Friday, 1 November 2013

The Meme Machine

The metaphor of the division of a cake in how the products of human endeavour are / or should be divided is a useful device because most people relate on an emotional level to the sheer injustice of some people having more cake than they could ever possibly eat, while some get no cake at all, and others get just a few crumbs that fall off the table. 

What's often not considered is the role of those who get more cake in exchange for their support for the notion that the OWNERS of the cake have the RIGHT to more than they could ever eat and at least a major say in how it should be divided.   

Cake baking is a social process. The labour of many is necessary for the making of any given cake. No single person is born with the knowledge of how to make a cake, nor does any single person ever produce - by their own effort - all the ingredients and all the implements necessary for its baking. 

The knowledge of what a cake is and how to bake it is acquired and handed down by people operating socially; the ingredients are grown and harvested and processed by people operating socially; the implements used in the baking of the cake are manufactured by people operating socially ….

At some point in pre-history, long before cake making was possible, the notion of private property and trade was born - very likely as a result of the domestication of cattle. With the notion of privately owned property came the notion of the right to appropriate the labour of others  - if I can 'own' a cow, I can 'own' another human being. (There was another HUGE development that is highly pertinent to cake making as it happens - which was the dominance of a patrilineal family form and the birth of patriarchy - but that's a story for another day.)

Many different means were used to force people to give up the products of their labour and to be allowed to keep / be given only what was necessary for their subsistence. Some means were coercive; others were ideological - usually calling on god's / gods'  authority.

Inevitably some greedy bastards decided they owned EVERYTHING and declared divine support for that right. They employed swathes of people to keep it that way - law makers and law enforcers and the all important ideologues - The Meme Machine.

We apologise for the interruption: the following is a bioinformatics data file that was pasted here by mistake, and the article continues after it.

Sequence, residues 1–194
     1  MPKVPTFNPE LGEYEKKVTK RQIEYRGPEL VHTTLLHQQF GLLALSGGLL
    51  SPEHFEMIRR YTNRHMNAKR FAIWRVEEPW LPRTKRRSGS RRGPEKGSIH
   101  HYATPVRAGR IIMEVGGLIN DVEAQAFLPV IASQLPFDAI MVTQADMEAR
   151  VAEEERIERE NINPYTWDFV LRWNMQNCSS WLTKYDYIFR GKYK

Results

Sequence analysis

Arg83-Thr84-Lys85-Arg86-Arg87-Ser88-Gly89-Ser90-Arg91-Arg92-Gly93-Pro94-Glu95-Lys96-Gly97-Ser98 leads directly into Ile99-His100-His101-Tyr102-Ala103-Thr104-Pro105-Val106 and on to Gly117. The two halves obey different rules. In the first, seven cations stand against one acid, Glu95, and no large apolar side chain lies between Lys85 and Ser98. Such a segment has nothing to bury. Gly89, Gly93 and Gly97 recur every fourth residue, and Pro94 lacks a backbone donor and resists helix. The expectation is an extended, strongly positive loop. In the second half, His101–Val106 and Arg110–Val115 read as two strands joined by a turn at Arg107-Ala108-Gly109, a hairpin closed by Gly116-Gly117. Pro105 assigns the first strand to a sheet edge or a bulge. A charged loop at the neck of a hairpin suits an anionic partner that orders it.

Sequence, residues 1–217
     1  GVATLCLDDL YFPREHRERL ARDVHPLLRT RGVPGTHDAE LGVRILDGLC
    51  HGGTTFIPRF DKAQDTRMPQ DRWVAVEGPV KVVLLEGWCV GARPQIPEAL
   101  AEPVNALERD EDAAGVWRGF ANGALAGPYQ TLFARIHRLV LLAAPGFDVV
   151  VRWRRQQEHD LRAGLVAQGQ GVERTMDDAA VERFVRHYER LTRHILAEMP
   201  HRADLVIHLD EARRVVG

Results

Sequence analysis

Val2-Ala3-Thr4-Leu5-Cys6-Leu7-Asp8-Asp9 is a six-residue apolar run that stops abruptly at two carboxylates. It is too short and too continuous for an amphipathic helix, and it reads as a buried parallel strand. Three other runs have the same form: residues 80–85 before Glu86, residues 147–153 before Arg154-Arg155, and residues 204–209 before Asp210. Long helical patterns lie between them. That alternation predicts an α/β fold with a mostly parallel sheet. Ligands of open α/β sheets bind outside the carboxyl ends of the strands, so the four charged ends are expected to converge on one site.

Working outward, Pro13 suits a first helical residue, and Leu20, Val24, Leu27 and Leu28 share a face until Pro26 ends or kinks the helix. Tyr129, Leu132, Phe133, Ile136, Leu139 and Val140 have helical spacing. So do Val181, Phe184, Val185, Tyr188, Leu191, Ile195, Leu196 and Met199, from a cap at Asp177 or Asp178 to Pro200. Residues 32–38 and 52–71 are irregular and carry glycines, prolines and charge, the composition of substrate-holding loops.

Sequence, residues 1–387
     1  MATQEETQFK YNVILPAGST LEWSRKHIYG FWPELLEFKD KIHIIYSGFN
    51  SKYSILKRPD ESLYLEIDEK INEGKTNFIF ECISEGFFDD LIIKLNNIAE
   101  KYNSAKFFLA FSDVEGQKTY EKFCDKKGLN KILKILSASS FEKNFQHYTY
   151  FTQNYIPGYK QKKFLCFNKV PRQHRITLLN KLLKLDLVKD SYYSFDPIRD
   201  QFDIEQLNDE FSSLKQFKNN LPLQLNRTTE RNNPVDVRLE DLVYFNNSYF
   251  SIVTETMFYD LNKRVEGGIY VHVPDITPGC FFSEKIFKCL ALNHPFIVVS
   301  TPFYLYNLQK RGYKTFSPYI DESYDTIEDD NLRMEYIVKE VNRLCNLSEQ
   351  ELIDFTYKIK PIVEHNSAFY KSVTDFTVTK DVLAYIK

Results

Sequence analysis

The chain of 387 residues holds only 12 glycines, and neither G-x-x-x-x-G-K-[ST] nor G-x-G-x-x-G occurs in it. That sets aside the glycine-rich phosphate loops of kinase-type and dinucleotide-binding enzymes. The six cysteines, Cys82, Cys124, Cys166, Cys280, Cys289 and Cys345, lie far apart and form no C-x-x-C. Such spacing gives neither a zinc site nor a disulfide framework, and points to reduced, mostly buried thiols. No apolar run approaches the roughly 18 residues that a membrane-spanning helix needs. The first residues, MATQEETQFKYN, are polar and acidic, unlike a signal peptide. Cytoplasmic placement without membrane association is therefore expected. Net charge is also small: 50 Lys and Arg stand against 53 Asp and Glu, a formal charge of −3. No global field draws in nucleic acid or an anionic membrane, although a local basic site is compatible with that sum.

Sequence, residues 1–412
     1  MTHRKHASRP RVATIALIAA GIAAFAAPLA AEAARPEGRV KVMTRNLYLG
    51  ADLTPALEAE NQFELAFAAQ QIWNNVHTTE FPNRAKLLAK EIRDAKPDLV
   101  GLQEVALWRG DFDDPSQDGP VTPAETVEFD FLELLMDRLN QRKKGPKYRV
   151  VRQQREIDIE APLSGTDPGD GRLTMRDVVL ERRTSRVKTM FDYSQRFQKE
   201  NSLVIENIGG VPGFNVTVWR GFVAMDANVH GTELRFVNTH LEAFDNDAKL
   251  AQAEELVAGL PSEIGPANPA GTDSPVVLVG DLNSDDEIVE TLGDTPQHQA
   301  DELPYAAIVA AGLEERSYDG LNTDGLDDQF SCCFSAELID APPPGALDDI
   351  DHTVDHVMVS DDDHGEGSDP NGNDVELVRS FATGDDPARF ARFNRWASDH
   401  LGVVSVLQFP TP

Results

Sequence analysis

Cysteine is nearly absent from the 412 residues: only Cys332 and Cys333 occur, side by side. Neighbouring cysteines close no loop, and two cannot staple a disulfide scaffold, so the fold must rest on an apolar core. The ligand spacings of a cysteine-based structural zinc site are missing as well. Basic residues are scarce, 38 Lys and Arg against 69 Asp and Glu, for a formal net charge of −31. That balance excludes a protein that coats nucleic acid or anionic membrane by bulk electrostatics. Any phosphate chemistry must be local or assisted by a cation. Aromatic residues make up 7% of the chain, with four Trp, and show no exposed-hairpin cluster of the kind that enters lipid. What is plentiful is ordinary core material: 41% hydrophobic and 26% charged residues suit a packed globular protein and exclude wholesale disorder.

And look how successful the The Meme Machine  has been. Many people cannot even conceive of a different - more just, balanced and sustainable way - of organising production. They dutifully parrot the line that the rich deserve to be rich because they are cleverer, more talented, more creative and that it is the rich who are the 'wealth generators'.  Instead of carping about the unfairness of the system, they argue that we should invest in enterprises set up by the 'wealth generators' so they can turn the tap on a little and the occasional drip (necessitated by the wealth generators not being able to afford more) can become a trickle - which is more than enough to keep the simple folk at the base happy. 

But this inverts reality. The 'wealth generators' are not those at the top of the social pyramid - they're the people at the base. The whole system (including the truly, madly, deeply insane world of virtual finance) relies on the exploitation of human labour - and that exploitation gets more obvious, coercive and brutal the further down the pyramid you go.  

Companies move to countries /locations where labour is cheaper and there are fewer environmental / health and safety laws; they do so to keep production costs down in order to extract the maximum surplus to pay the shareholders and the technocrats and the ideologues -  and to feed the various State machines that help keep the wasteful, unstable, unsustainable system going.  

The idea that the rich deserve to be rich, that they generate wealth is stupid. It is so stupid it is hard to comprehend how any rational person can fall for it. But that's where The Meme Machine  is so important. It has persuaded enough people that the current way we organise production - the economy - is the most efficient (maximum productivity for minimum expense/effort) and effective (achieving an intended or desired outcome) way possible. 

This is often demonstrably untrue even when judged by the system's own stunted methodologies.  If we use a wider angled lens and accept that production is a social process, we see that the relations of production (like the relations of reproduction) have evolved and any measurement of the efficiency and effectiveness of an enterprise must also consider the concepts of equality of opportunity, equity of treatment in legal terms and ethical practice. Without these, a true measure of efficiency and effectiveness can't be made. 

If we simply want the current system to be fairer, we can use the very political and legal concepts that challenged the divine right of kings and latter day autocracies to force it to change. But that's always a struggle. No social, economic or political advance has been given freely by those in power until it was in their interests to do so. And every hard won advance must be guarded because it can be easily lost. Sometimes the loss is sudden and catastrophic and obvious - and sometimes it's gradual and surreptitious and the loss goes largely unnoticed.

What the rich and powerful and their supporters forget or choose to ignore is that people at the base are not passive ciphers. Excellence, talent, intelligence, insight, creativity, goodness are not the preserve of the rich - as even the most cursory examination proves beyond all doubt.

So - people of the base - use all that excellence, talent, insight, creativity and belief in natural justice to bring about change - because if we don't change the way we do things, we're all stuffed.

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